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US fears more Iranian cyberattacks after exit from Iran deal: report

US fears more Iranian cyberattacks after exit from Iran deal: report
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Pentagon cyberwarfare analysts are worried about a new wave of Iranian cyberattacks after President TrumpDonald John TrumpTrump to fundraise for 3 Republicans running for open seats: report Trump to nominate former Monsanto exec to top Interior position White House aides hadn’t heard of Trump's new tax cut: report MORE announced Tuesday that the U.S. would exit the Iran nuclear agreement.

Within 24 hours of the announcement, researchers at security firm Crowdstrike reported a "notable" shift in Iranian cyberactivity, The New York Times reported. According to the Times, Iranian hackers sent emails containing malware to diplomats in the foreign affairs offices of U.S. allies and telecommunications companies.  

“With the nuclear deal ripped up, our nation and our allies should be prepared for what we’ve seen in the past,” former National Security Agency (NSA) Director Gen. Keith Alexander told the Times.

The NSA's former general counsel, Matt Olsen, said that Iran's cyber capabilities have increased faster than analysts had predicted. Olsen said those new capabilities could soon be aimed toward U.S. targets.

“[Iran] is now among our most sophisticated nation-state adversaries," Olsen told the Times. "We can anticipate those capabilities could well be turned against the U.S.”

More than a dozen sources contacted by the Times said they expected Iran to respond to Trump's decision with a new wave of more sophisticated cyberattacks.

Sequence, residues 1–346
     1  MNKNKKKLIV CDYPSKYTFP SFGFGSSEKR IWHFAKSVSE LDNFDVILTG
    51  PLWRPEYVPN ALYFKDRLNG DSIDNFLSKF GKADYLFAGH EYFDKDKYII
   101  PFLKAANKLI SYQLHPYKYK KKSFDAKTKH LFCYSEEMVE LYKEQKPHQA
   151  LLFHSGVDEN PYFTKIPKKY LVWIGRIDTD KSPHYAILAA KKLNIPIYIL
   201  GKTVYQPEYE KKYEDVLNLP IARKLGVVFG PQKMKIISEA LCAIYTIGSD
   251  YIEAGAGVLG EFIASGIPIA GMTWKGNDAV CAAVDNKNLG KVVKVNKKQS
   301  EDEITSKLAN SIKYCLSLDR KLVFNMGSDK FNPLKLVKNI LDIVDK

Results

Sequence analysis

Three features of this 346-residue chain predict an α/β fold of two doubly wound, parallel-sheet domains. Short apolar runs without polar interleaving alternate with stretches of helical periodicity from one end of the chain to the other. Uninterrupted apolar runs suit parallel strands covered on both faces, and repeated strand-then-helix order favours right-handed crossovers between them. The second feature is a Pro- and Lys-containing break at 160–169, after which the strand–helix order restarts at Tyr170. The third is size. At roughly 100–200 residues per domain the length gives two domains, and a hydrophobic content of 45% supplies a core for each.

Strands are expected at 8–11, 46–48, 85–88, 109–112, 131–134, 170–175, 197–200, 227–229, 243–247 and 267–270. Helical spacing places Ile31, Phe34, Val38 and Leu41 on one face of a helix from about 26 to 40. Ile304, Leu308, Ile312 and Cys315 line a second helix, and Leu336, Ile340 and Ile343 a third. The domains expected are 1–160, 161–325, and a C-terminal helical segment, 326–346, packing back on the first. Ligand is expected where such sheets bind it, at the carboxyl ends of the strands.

“Given the history of Iranian cyberactivity in response to geopolitical issues, the American energy sector has every reason to expect some type of response from Iran,” Olsen said.

“We’re probably one of the most automated technology countries in the world,” Alexander added. “We are an innovation nation and our technology is at the forefront of that innovation. We could have a very good offense, but so do they. And unfortunately, we have more to lose.”

In 2013, Iranian hackers successfully breached computers controlling the Bowman Avenue Dam in New York.  Hackers, however, were unable to disrupt the dam's operations because it was under repair and offline. Iranian hackers took credit for the breach two years later.

Trump said Tuesday that his decision to pull the U.S. out of the Iran nuclear deal was motivated by a desire to stop sending Iran "empty threats."

“Today’s action sends a critical message: the United States no longer makes empty threats,” he said at a Tuesday ceremony at the White House. "[The deal] didn’t bring calm, it didn’t bring peace, and it never will."